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Mainstreaming gender analysis into all aspects of policy making, including infrastructure and economic policy, is a key aspect to achieving gender equality. The main objective of this paper is to examine the impact of several public infrastructures on well-being by gender, applying the Capability and Subjective Well-being approaches. An index of access to infrastructure is constructed and its effect on well-being is estimated using a new survey dataset from Spain. The results from the logistic regression model show that access to infrastructure positively affects subjective well-being, particularly of female respondents. All dimensions of infrastructure matter more for women’s well-being than men’s. Important differences in the impact on well-being by the types of infrastructures analyzed and the impact differs significantly by age are obtained. The findings suggest that designing public infrastructure policies can contribute to reducing gender well-being gap.
... The CA views well-being as "the freedom of choice to achieve the things in life which one has reason to value most" [21] (p. 1161). ...
... 30) and reflect a person's freedom to choose among a set of alternative functionings that they value most [24]. The choices an individual makes depend on the available capabilities, which in turn impact well-being outcomes [21]. Additionally, available resources as well as individual, social, and environmental characteristics enhance or constrain an individual's choices and therefore well-being outcomes [21,25]. ...
... The choices an individual makes depend on the available capabilities, which in turn impact well-being outcomes [21]. Additionally, available resources as well as individual, social, and environmental characteristics enhance or constrain an individual's choices and therefore well-being outcomes [21,25]. Due to the element of choice but also due to differing individual ideas about well-being, the CA suggests that capabilities theoretically are larger than their corresponding functionings. ...
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Background: The range of options people have to do the things they value in life may have strong effects on their well-being. This is especially true for young adults, as their opportunities and choices may affect both their current and future lives. This study follows Sen's capability approach (CA) to assess young people's well-being in terms of capabilities and functionings. Methods: Repeated cross-sectional data from the Young Adult Survey Switzerland were used for the analysis (N = 58,615). Descriptive statistics were applied to analyze the distribution of capabilities and functionings according to individuals' capital equipment. Finally, multivariate regression analyses were conducted to investigate associations between social, cultural, and economic capital; overall capabilities; and functionings. Results: Young men with lower capital equipment rated their capabilities and functionings lower than others. Capabilities and corresponding functionings differed in the domains of health, happiness, and intellectual stimulation. Multivariate analysis confirmed the effects of social, economic, and cultural capital on both overall capabilities and functionings. Conclusions: Young men differ in their perceived capabilities and functionings in different life domains according to their equipment with different forms of capital. To better understand the mechanisms underlying the transformation of capabilities into functionings, future studies should analyze issues of choice and adaptation to restricted living conditions.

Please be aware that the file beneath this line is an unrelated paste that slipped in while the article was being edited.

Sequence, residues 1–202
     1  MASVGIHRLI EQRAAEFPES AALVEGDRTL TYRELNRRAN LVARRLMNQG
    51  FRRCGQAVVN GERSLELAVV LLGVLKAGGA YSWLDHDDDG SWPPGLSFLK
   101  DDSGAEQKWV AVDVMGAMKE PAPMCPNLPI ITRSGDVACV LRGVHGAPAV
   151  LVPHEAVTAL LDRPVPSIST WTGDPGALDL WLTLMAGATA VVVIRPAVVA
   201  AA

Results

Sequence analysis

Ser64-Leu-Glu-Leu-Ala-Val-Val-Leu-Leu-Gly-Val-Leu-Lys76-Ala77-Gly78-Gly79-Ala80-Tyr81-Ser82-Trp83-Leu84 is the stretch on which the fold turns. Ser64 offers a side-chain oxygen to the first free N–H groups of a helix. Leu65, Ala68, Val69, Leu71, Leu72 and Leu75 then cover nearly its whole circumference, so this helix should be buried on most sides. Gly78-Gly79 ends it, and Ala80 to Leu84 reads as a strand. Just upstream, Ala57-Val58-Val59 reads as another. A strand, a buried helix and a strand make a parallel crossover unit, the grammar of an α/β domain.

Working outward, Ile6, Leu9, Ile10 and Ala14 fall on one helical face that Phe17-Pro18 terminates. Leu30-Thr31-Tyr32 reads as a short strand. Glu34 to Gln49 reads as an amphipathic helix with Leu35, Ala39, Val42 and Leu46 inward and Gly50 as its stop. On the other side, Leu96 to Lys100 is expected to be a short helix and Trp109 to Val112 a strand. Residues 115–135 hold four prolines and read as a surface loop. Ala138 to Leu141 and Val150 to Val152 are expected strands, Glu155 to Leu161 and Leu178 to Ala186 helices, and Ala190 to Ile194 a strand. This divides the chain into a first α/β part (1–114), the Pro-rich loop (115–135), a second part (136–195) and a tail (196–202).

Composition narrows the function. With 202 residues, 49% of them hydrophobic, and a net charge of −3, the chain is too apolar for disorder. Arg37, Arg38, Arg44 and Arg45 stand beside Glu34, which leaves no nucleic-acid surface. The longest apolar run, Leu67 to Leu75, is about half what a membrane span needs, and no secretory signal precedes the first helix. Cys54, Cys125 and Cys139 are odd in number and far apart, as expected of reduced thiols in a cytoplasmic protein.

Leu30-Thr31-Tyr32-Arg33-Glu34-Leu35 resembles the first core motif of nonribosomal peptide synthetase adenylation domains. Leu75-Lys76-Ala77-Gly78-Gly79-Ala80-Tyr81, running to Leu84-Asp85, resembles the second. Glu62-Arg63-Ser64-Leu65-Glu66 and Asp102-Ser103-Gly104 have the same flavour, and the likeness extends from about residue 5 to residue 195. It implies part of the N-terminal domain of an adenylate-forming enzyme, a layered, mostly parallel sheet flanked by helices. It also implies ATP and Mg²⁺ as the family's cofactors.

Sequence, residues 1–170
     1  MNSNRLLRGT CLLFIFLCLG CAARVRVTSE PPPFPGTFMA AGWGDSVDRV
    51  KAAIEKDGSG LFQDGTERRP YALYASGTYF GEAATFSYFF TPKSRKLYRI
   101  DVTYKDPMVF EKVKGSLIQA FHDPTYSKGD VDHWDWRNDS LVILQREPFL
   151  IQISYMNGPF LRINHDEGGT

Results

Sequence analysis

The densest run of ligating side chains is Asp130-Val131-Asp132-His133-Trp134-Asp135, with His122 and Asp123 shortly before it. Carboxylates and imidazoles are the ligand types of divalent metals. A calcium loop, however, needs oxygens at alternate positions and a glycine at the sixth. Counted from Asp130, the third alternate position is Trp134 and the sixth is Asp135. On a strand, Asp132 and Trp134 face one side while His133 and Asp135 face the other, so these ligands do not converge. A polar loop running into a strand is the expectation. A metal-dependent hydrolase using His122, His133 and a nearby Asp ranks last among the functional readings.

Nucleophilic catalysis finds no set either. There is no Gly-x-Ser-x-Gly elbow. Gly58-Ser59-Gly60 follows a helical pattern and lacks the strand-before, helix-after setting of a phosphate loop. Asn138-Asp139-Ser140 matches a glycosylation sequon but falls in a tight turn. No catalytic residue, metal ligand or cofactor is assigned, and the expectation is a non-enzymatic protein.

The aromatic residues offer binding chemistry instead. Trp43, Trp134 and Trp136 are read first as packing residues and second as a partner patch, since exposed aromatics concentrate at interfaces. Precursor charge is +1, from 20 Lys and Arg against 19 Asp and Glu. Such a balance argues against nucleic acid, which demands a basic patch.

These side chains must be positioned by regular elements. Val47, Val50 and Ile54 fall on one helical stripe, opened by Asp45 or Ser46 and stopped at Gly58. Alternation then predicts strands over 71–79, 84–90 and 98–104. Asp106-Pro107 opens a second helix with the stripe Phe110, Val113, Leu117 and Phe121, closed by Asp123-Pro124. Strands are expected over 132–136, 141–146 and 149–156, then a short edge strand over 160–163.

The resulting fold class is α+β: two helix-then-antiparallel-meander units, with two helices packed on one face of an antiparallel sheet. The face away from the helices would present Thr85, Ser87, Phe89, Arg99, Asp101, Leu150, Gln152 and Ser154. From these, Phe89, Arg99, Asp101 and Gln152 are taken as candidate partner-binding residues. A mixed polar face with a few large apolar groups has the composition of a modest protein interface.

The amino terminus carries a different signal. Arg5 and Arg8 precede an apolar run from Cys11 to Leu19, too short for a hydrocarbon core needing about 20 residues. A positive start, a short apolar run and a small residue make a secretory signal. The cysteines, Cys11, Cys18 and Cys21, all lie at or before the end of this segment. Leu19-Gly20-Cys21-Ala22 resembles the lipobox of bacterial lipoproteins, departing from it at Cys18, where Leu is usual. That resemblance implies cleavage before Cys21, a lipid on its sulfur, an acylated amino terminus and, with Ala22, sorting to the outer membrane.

... On the other hand, the measurement of capabilities is at its early stages of development. There are several attempts to measure capability indicators based on questions in existing surveys (for instance Anand et al., 2005;Ramos and Silber, 2005;Veenhoven, 2010;Muffels and Heady, 2013;Graham and Nikolova, 2015), following Anand and van Hees (2006) suggestion that survey questions about the "scope to achieve things" and "limitation of opportunities" can capture capabilities. There are also a few specially designed questionnaires (Anand and van Hees, 2006;Anand et al., 2009Anand et al., , 2011Simon et al., 2013). ...